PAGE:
Write to your MP

(from my book Our Terrible/Wonderful Future)

 

We have become so skilled at resolving cognitive dissonance by telling ourselves fabrications and myths of one kind and another, our society as a whole, perhaps more than any other before,  has become a willing victim of our own seld-deceptions. This applies particularly in the fields covered in this book.  We know that species are disappearing at an alarming rate because rain forests are being destroyed.  But instead of ceasing to use soap made from palm oil or stopping eating meat from soya-fed cattle we watch Attenborough’s wild life programmes to assure ourselves how much we care for wild life.  Instruments of self-deception that are partially true or in themselves morally admirable are far more effective than plain old lies.  It is because Attenborough is such a revered national icon that his programmes feed our appetite to deceive ourselves so well.  His slightly husky voice and almost tangible great love of wild creatures that transcends the normal bounds of  documentaries and his patent moral integrity are just the job.   Most of us must be beginning to feel a few qualms about the oncoming threat of automation to jobs.  But are we preparing in a rational way for a society in which half the working population is unemployed?  Not at all.   Instead we become addicted to computer games.  Computer games are brilliant.  They make you feel you are in control of the robots,  thus neatly heading off the fear that soon they might be in control of us.    You might have thought that nothing could be more serious and a cause of acute anxiety than warnings from the UN Food and Agriculture Orgnaization, no less, that soil degradation is so bad there might be only sixty years of farming left.  But you don’t read much about that in the newspapers.  How can that be the case when Monty Don’s garden is so productive and the flowers at the Chelsea Flower Show bloom so brightly?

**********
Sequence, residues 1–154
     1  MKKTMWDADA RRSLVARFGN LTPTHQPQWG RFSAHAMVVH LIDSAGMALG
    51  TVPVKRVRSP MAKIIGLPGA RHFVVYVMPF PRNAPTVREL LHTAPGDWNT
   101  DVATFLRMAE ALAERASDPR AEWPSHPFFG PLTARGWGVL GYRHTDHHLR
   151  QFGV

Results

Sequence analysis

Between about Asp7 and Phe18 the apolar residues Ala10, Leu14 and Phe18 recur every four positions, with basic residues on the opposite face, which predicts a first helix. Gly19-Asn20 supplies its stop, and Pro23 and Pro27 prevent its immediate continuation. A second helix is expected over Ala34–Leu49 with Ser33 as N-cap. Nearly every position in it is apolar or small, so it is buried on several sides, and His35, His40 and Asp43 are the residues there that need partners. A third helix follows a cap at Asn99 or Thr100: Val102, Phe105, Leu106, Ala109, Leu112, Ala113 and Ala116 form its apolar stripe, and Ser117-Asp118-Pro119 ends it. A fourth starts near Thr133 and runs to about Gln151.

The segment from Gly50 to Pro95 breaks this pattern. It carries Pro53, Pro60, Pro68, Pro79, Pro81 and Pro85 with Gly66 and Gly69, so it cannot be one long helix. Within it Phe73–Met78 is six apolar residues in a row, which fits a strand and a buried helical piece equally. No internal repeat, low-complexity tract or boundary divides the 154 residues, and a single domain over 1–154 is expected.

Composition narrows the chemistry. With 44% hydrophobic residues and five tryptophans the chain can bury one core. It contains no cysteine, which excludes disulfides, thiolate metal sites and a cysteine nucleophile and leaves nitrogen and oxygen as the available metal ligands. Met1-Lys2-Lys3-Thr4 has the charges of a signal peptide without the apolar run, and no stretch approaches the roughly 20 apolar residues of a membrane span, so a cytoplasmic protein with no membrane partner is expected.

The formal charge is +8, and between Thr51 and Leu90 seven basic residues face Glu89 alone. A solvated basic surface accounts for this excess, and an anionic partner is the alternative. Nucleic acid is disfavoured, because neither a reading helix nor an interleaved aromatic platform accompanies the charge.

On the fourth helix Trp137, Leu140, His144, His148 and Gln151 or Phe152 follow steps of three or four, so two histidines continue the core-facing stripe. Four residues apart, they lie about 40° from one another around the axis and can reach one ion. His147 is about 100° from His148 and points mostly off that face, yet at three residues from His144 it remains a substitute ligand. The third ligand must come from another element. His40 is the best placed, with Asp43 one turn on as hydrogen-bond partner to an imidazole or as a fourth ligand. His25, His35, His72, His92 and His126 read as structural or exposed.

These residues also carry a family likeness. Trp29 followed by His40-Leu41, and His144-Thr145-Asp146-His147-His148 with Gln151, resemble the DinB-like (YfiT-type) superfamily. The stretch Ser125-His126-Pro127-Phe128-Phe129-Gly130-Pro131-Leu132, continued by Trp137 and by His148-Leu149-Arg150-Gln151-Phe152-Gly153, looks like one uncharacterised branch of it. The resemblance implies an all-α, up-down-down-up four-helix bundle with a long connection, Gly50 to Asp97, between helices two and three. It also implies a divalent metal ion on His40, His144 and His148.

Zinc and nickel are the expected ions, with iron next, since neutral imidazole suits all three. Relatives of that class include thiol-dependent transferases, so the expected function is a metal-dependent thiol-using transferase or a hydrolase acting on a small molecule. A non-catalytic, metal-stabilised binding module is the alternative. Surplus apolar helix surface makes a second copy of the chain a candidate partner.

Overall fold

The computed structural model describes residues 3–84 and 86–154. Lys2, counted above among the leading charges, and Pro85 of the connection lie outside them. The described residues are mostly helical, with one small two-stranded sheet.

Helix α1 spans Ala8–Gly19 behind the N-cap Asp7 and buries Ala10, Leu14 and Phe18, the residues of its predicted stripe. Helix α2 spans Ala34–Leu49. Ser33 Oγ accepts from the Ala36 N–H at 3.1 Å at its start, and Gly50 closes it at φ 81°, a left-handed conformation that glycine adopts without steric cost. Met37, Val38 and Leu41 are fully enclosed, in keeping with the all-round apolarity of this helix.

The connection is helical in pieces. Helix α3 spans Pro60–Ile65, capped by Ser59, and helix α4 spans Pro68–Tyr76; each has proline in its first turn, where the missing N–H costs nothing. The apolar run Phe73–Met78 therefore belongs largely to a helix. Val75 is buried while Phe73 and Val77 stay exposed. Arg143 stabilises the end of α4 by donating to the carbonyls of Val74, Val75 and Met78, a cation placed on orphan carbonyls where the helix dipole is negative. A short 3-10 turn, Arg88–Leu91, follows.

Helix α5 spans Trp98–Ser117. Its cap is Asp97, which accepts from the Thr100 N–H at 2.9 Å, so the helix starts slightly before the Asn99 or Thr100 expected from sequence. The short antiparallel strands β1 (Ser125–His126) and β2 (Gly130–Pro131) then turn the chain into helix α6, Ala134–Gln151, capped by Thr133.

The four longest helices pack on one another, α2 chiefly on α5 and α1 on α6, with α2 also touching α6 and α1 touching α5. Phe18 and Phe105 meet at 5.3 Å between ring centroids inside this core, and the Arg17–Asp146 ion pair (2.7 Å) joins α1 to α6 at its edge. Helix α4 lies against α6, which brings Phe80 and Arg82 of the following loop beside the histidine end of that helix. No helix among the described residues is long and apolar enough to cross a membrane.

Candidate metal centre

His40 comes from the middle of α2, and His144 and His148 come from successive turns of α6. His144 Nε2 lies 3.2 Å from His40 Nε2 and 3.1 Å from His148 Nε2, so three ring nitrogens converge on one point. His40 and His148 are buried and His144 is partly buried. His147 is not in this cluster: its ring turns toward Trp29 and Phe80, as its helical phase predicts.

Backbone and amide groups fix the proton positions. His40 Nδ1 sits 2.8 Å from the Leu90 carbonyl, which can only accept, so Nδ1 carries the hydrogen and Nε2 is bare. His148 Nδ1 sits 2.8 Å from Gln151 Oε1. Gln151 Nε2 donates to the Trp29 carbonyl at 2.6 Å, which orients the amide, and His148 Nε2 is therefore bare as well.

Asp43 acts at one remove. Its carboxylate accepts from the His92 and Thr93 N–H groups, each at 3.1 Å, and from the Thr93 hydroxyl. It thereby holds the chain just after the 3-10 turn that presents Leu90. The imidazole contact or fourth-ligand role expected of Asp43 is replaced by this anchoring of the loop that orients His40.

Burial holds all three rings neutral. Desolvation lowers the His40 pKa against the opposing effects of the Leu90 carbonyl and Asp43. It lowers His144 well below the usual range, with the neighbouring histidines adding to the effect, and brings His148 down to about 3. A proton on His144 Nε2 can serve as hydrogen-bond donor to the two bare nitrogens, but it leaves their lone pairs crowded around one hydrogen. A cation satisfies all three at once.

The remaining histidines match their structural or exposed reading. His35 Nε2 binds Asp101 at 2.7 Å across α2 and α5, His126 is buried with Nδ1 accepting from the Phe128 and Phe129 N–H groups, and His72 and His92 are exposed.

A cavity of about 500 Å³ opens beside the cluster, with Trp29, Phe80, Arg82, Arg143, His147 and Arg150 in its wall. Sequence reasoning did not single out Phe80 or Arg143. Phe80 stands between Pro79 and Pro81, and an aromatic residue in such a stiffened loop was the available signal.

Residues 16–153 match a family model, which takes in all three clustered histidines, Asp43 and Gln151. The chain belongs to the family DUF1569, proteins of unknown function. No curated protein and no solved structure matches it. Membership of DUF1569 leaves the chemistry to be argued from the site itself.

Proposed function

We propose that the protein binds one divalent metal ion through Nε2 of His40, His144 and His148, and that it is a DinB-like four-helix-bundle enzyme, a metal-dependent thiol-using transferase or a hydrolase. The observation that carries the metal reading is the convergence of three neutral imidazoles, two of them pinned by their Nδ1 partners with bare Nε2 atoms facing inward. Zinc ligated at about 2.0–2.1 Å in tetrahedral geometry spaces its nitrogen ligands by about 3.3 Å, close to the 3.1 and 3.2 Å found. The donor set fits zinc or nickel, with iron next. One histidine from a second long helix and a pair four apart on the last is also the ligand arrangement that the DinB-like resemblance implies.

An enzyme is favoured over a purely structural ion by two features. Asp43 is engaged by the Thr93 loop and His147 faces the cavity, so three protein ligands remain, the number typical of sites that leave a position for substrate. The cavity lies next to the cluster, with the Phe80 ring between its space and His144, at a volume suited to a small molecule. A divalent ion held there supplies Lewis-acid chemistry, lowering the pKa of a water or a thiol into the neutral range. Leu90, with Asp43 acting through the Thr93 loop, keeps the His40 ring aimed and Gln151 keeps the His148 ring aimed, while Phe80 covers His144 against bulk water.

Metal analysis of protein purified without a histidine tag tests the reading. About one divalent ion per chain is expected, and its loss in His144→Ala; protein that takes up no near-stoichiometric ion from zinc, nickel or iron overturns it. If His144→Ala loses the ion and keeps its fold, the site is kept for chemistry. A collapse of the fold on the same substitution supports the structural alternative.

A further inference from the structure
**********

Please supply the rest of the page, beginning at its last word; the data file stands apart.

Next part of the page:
Most of all we are dodging the issue of climate change.  You would have thought that when the climate scientists are telling us, now virtually unanimously, that we are heading for a global catastrophe so terrible all previous human disasters will pale into insignificance beside it if we don’t take urgent action on fossil fuels, people would have been beside themselves with anxiety if only for the sake of their chidren.  But far from climate dominating social and political discussion it is far down the list of most peoples’ pressing concerns.

 

How can it be sensible to ignore the opinions of so many experts on a subject that is so serious?  But then every fool knows about the weather.  He did after all read an article in a tabloid newspaper assuring him that all this greenery is politically correct fashionable nonsense.  Worse in fact.  The scientists are only putting out all this scare mongering stuff because they are after fat grants for bogus research from the Government.   Carefully researched sources?  Not too many.  Or the sceptics  watched a video on YouTube explaining that the mathematics are so complicated the scientists have got it wrong.  They themselves have got absolutely no understanding of the mathematics and are completely incapable of judging whether the claim is valid or not.  But that doesn’t stop them feeling they are completely vindicated.  I saw it on YouTube.  Fracking?  A win-win situation said George Osborne.  Good for the economy and good for the environment because fracked gas emits less carbon dioxide than conventional gas.  Presumably he hadn’t read the academic papers – Cornell in 2009, Harvard in 2012 and Tyndall among others – arguing with overwhelming evidence that fracking does indeed emit less carbon dioxide but so much methane, seventy-two times worse a greenhouse gas than carbon dioxide over twenty years, it is even worse than coal.  But then how many people watching that particular news bulletin had read the academic papers either?  Inshore windfarms are really great.   It’s another win-win.  Hopefully they will arouse plenty of local opposition, letters in newspapers,  protest meetings, marches led by David Bellamy etc.  On the one hand they give people an opportunity to show how much they care for the environment which will be totally spoilt by windfarms.  On the other hand they give the Government an opportunity to decide that after extensive public consultation the scheme will go ahead after all,  so concerned is the Government with environmental issues.  “Let me make it crystal clear, this  Government is determined…etc.”  If they can be put up with maximum eyesore quotient in beauty spots that’s really good.  In fact the contribution that inshore windfarms could make to a post-fossil fuel economy is so small whether they are built or not hardly makes any difference.  But as instruments  of climate self-deception they are almost unrivalled.  They are so prominent, can be seen from the High Street, loom right over Mrs So-and-So’s house. And the noise they make, if you get up close.  Dreadful. Write to your M.P.

 

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